'Not for the male gaze'

As Geoghegan put it, "lesbian bars are not for the male gaze." These spaces are "built by the queer girlies for the queer girlies."

While gay bars remain far more prominent throughout the country, Rose said they aren't always inclusive to others in the LGBTQ+ community. But most lesbian bars, she said, don't use "lesbian" as their main identifier, and also market themselves toward queer, intersex, nonbinary and transgender patrons.

"We deal with misogyny and violence and threats that make us want to maintain some exclusivity with who is welcomed into the spaces," said Vic King Smith, the general manager of the Cubbyhole in New York City's West Village. "It's really important that lesbian bars hold space for everyone's gender journey."

King Smith said that today, white cis-gender gay men "have all of the privileges" that white straight men have.

"They're not experiencing the same amount of oppression and marginalization as trans people and queer people that just look different," King Smith said. "It can be hard to compete with men in their own spaces."

That is why King Smith said lesbian bars "better represent" the space the community wants to see.

"Lesbian bars allow me to act myself without thinking twice about how the people around me around going to react," said Maya Falb, a former college student who would visit Femme. "They allow me to meet members of my community I would not have connected with otherwise."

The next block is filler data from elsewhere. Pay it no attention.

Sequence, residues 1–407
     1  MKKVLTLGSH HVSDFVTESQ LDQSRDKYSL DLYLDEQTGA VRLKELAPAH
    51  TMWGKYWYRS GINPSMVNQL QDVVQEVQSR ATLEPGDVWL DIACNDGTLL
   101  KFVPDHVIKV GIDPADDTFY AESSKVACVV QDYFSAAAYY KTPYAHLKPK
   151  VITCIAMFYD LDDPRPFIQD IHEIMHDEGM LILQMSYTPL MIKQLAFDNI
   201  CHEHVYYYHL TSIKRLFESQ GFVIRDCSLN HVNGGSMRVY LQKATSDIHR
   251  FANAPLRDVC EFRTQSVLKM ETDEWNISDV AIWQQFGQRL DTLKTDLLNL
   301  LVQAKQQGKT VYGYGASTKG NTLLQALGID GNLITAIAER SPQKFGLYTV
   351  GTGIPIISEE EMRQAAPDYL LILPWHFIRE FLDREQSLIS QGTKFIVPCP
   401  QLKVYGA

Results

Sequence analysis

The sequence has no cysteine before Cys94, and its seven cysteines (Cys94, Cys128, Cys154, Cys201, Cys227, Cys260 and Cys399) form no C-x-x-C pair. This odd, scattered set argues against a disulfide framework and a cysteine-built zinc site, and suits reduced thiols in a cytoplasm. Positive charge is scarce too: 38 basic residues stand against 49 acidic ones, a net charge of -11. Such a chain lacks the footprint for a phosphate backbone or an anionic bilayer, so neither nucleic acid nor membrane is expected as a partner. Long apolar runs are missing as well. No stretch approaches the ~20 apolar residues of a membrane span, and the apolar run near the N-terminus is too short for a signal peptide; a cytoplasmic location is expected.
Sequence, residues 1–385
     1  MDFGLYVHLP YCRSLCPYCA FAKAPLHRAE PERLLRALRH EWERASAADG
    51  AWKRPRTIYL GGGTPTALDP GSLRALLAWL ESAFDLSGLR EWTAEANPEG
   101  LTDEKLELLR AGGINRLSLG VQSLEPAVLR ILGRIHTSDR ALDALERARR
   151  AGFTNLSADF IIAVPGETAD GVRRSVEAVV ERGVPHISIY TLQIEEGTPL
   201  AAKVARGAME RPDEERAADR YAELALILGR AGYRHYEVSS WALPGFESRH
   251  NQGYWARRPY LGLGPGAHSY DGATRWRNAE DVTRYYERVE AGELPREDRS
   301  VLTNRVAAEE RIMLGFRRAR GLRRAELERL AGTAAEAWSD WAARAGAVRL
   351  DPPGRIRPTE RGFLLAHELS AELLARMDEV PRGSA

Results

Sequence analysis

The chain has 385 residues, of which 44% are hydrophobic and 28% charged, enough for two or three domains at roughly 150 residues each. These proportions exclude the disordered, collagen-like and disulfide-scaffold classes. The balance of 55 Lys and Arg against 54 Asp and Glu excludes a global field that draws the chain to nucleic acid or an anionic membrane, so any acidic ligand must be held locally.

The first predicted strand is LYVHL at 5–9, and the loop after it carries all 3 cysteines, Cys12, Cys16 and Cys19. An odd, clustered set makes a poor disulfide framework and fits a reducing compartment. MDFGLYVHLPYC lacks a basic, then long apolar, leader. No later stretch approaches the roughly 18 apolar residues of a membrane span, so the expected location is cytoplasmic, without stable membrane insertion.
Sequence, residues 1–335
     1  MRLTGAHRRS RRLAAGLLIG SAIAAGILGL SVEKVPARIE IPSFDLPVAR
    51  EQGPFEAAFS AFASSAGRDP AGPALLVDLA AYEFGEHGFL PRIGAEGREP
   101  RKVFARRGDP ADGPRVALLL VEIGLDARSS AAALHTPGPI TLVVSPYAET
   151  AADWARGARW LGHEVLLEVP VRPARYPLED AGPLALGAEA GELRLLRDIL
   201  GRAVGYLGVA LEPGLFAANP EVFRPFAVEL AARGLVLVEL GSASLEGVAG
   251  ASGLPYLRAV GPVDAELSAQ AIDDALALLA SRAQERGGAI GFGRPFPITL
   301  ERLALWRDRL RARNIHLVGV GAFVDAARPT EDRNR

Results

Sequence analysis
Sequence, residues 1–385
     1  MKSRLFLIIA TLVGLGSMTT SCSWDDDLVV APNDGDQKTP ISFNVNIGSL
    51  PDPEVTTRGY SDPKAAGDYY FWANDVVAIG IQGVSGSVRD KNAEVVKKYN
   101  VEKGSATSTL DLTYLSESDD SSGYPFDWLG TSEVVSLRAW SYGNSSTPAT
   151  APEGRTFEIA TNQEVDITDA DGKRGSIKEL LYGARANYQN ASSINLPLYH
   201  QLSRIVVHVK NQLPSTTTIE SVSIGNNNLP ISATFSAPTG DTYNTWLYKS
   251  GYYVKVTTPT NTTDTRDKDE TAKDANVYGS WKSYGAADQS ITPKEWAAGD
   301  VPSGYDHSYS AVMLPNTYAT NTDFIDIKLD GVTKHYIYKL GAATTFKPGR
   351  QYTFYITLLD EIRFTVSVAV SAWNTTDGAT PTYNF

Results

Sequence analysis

Lesbian bars pride themselves on being a safe and welcoming space, King Smith said.

"There's something just about queer celebration and being surrounded by people that look like you...and seeing examples of relationships," Geoghegan said. "It's nice to just be somewhere and be comfortable."

There's 32 lesbian bars left in America. Here's where they are (2)

For Falb, who uses she/they pronouns, Femme opened just in time for their senior year of college at nearby Clark University.

"It was the first lesbian bar to open in New England, and I was thrilled that it was in Worcester," they said. "I had never been to a lesbian bar before, and I longed for a space where I could be fully myself."

While Falb could walk a few blocks to Femme, they said other patrons would drive multiple hours just to be in a space that felt welcoming.

"Lesbian bars help to show individuals that they belong and should be allowed to take up space in the city or town they live in," Falb said. "At the root of lesbian bars is the importance of community and the history that each space holds."